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Hoffmann, R. A wiki for the life sciences where authorship matters. Nature Genetics (2008)

The scotopic threshold response of the dark-adapted electroretinogram of the mouse.

The most sensitive response in the dark-adapted electroretinogram (ERG), the scotopic threshold response (STR) which originates from the proximal retina, has been identified in several mammals including humans, but previously not in the mouse. The current study established the presence and assessed the nature of the mouse STR. ERGs were recorded from adult wild-type C57/BL6 mice anaesthetized with ketamine (70 mg kg(-1)) and xylazine (7 mg kg(-1)). Recordings were between DTL fibres placed under contact lenses on the two eyes. Monocular test stimuli were brief flashes (lambda(max) 462 nm; -6.1 to +1.8 log scotopic Troland seconds(sc td s)) under fully dark-adapted conditions and in the presence of steady adapting backgrounds (-3.2 to -1.7 log sc td). For the weakest test stimuli, ERGs consisted of a slow negative potential maximal approximately 200 ms after the flash, with a small positive potential preceding it. The negative wave resembled the STR of other species. As intensity was increased, the negative potential saturated but the positive potential (maximal approximately 110 ms) continued to grow as the b-wave. For stimuli that saturated the b-wave, the a-wave emerged. For stimulus strengths up to those at which the a-wave emerged, ERG amplitudes measured at fixed times after the flash (110 and 200 ms) were fitted with a model assuming an initially linear rise of response amplitude with intensity, followed by saturation of five components of declining sensitivity: a negative STR (nSTR), a positive STR (pSTR), a positive scotopic response (pSR), PII (the bipolar cell component) and PIII (the photoreceptor component). The nSTR and pSTR were approximately 3 times more sensitive than the pSR, which was approximately 7 times more sensitive than PII. The sensitive positive components dominated the b-wave up to > 5 % of its saturated amplitude. Pharmacological agents that suppress proximal retinal activity (e.g. GABA) minimized the pSTR, nSTR and pSR, essentially isolating PII which rose linearly with intensity before showing hyperbolic saturation. The nSTR, pSTR and pSR were desensitized by weaker backgrounds than those desensitizing PII. In conclusion, ERG components of proximal retinal origin that are more sensitive to test flashes and adapting backgrounds than PII provide the 'threshold' negative and positive (b-wave) responses of the mouse dark-adapted ERG. These results support the use of the mouse ERG in studies of proximal retinal function.[1]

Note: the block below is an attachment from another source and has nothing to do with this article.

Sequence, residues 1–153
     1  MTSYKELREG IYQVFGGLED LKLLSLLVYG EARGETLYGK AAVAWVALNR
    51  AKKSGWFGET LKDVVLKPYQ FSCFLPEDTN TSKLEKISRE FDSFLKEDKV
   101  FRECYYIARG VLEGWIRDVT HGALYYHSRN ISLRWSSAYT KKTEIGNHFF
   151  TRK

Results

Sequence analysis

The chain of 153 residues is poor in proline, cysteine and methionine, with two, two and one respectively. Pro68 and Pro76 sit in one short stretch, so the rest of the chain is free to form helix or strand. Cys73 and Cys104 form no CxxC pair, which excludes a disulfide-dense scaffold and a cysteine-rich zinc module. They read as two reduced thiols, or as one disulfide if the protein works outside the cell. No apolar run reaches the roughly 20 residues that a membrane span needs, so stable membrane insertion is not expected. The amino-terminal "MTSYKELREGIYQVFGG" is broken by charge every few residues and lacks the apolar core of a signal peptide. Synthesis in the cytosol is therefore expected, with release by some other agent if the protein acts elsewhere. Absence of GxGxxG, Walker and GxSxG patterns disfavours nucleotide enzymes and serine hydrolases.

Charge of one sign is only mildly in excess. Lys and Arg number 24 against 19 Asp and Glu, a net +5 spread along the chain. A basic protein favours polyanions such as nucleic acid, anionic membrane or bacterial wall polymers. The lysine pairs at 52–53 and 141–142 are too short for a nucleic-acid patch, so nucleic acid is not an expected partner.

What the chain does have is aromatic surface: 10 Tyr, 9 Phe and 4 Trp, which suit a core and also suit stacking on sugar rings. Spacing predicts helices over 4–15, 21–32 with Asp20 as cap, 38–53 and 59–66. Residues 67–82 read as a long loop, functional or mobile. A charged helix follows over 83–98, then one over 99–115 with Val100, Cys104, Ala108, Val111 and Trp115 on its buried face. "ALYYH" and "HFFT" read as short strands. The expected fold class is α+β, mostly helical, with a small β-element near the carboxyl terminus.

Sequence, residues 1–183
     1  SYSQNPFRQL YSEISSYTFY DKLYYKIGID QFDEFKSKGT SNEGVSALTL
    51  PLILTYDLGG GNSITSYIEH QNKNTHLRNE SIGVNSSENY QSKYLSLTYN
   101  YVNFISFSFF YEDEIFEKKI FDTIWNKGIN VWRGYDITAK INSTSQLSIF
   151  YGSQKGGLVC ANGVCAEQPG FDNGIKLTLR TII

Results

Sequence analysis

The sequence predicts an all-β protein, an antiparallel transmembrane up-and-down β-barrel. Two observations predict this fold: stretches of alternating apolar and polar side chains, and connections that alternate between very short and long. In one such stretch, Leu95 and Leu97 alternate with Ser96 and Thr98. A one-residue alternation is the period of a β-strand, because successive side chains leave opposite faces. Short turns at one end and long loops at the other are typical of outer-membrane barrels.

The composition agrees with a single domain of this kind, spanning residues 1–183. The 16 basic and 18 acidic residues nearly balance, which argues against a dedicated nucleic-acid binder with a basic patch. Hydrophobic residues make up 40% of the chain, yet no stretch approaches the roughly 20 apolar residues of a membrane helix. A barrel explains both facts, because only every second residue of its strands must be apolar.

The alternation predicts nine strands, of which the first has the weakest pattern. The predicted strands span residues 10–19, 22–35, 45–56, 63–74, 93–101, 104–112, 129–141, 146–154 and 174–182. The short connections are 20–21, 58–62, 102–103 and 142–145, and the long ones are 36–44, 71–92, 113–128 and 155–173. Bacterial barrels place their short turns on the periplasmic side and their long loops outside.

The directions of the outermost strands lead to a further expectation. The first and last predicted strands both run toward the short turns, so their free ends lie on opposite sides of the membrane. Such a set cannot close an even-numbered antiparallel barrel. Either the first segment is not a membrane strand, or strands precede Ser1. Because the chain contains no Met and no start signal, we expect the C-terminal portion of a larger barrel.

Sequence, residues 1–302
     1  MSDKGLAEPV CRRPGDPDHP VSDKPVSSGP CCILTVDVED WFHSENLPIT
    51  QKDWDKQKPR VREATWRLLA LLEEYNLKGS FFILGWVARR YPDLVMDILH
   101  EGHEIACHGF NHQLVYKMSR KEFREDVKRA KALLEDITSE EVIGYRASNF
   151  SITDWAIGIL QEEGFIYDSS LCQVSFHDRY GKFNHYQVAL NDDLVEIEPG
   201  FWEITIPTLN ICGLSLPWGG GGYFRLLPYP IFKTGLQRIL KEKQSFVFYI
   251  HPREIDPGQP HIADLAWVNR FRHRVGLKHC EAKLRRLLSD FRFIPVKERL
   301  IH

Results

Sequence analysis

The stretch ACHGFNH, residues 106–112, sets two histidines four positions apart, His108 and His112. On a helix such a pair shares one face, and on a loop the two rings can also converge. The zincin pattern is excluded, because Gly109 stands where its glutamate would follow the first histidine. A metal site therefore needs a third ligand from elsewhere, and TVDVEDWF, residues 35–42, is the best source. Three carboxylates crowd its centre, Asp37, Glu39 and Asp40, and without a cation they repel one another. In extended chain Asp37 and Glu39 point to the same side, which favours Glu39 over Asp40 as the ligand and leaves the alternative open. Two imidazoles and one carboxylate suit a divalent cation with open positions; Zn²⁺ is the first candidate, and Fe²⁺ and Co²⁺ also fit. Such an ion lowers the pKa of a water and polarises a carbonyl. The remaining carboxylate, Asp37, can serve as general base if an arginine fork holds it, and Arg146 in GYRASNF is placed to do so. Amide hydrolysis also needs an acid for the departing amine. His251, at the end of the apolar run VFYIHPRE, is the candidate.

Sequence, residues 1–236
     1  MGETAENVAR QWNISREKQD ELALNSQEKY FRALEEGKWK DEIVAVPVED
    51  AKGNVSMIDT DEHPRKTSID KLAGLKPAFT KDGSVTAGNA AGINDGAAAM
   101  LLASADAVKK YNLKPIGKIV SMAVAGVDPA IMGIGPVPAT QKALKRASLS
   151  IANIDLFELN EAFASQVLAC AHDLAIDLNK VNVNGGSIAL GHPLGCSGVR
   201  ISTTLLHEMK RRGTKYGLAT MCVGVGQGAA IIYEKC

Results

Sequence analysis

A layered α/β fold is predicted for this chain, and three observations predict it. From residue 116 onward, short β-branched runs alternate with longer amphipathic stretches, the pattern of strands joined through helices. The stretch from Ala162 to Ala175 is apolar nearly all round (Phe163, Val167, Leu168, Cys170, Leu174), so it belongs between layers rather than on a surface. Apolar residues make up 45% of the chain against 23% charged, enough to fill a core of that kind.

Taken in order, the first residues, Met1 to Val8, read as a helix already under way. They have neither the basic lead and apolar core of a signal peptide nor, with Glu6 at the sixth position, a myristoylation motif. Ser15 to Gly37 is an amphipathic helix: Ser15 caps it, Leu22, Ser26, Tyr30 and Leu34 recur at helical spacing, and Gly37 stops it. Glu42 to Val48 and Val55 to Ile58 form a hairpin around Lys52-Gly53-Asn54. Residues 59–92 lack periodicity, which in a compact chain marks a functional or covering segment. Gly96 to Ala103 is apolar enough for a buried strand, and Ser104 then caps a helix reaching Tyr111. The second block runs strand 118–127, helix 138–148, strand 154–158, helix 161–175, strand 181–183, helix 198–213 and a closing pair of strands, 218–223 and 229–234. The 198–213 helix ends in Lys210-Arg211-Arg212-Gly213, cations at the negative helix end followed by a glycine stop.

1. The scotopic threshold response of the dark-adapted electroretinogram of the mouse. Saszik, S.M., Robson, J.G., Frishman, L.J. J. Physiol. (Lond.) (2002) [Pubmed]
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